Peering into the Future
We will continue expanding the content and
capabilities of our data set collections. We will continue the vigorous
dissemination of this valuable resource both through our direct efforts
and through collaborations with professional associations of scientists
We are currently developing two products
related to SSEDL. BSRI, the Behavioral Science Research Instruments
Archive, will contain searchable, edit-ready, and print-ready
machine-readable versions of the demographic, behavioral, and health
science instruments¾ questionnaires, medical forms, interview protocols¾
used to collect the data in SSEDL. Norms for the scales and items
comprising the BSRI instruments will be included in the archive in the
form of scale means and standard deviations, item frequencies or response
distributions, and item crosstabulations with age, race/ethnicity, and
gender, obtained from the linked SSEDL data archives. BSRI will also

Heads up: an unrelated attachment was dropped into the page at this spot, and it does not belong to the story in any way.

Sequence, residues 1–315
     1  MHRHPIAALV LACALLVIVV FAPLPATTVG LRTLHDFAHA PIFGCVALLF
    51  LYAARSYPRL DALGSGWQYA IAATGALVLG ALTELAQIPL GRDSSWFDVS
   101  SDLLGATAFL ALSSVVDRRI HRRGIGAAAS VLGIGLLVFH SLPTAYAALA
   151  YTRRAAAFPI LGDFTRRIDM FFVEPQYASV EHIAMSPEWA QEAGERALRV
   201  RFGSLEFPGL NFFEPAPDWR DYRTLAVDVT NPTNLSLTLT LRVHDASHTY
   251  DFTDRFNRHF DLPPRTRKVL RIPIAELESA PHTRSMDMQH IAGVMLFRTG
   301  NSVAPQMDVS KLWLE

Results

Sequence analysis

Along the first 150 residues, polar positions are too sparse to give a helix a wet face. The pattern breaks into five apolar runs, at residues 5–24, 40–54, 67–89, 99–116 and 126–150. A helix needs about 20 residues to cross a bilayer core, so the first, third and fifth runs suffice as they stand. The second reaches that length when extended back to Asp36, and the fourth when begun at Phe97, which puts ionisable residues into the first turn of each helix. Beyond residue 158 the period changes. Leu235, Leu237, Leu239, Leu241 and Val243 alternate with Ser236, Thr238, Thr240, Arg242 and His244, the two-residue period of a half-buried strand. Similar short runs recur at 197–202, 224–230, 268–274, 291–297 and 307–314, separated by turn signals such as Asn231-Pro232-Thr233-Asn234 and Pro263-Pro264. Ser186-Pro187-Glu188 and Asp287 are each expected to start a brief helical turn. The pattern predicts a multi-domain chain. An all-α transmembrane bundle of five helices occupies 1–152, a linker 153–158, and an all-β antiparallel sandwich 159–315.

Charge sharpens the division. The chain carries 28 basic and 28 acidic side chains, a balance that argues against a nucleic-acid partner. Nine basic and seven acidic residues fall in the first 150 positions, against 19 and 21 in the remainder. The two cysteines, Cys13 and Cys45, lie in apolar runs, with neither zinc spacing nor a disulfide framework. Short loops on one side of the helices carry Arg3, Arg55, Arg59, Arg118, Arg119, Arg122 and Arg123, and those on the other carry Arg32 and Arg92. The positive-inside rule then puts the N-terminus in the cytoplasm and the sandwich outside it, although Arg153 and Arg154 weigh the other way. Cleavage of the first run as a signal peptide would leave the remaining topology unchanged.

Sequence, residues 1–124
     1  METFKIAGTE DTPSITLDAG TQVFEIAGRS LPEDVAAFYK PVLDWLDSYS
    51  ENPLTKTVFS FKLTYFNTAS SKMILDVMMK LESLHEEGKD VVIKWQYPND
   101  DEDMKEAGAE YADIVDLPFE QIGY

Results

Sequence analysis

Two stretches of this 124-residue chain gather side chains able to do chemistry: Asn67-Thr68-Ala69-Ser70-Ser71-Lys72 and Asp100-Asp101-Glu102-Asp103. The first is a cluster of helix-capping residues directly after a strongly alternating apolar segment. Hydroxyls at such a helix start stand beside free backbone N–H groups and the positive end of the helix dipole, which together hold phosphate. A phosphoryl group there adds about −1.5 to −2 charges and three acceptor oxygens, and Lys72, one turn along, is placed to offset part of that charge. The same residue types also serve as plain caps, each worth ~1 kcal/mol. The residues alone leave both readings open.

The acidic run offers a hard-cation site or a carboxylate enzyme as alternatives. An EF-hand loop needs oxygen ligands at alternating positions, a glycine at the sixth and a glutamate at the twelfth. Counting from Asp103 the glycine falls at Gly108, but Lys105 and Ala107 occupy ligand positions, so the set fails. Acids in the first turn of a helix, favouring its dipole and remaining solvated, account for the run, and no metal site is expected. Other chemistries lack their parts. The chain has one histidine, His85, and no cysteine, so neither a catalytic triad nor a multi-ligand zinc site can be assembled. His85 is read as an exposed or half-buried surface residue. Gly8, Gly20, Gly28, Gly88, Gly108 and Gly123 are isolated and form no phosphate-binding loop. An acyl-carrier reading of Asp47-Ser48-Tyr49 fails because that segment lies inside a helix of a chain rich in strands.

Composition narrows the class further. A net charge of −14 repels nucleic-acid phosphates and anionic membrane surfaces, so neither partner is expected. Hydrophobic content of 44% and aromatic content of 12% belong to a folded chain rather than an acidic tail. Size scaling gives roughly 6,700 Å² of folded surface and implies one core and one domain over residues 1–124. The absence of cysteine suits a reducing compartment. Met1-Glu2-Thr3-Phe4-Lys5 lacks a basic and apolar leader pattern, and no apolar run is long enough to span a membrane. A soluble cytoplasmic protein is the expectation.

contain a link to the corresponding SSEDL data file that will allow a
researcher to select variables for a fully documented SPSS or SAS analysis
extract file from BSRI’s variable listing, original instrument, and/or
MIDAS, the Multivariate Interactive Data
Analysis System, will allow online analysis of the data in SSEDL. Online
data analytic procedures will include weighted and unweighted frequencies,
percentiles, and measures of dispersion and central tendency, as well as
two-way and n-way tables with measures of association, comparison
of means (2-group and ANOVA) and correlations, and the calculation of
complex variance estimations. Users will be able to define case subsets,
recodes, or aggregations for analysis, and then produce output which can
be downloaded or printed. Custom dataset download will also be available.
- Additional information on the 300+ data
sets comprising the Sociometrics Social Science Electronic Data
Library (SSEDL) can be obtained from http://www.socio.com/edl.htm.
- Josefina J. Card, Ph.D. is the
President of Sociometrics Corporation. Comments or questions can be
addressed to her by mail: Sociometrics Corporation, 170 State Street,
Suite 260, Los Altos, CA 94022; by telephone: 650-949-3282 ext. 211;
or e-mail: firstname.lastname@example.org. The author wishes to thank colleagues
Eric Lang and Michael Carley for their assistance with compiling some
of the data set information cited in this report.
Card, J. J. (1996). Development of the
Sociometrics Data Library on Families, Aging, Substance Abuse, and AIDS. Social
Science Computer Review, 14(3), 305-309.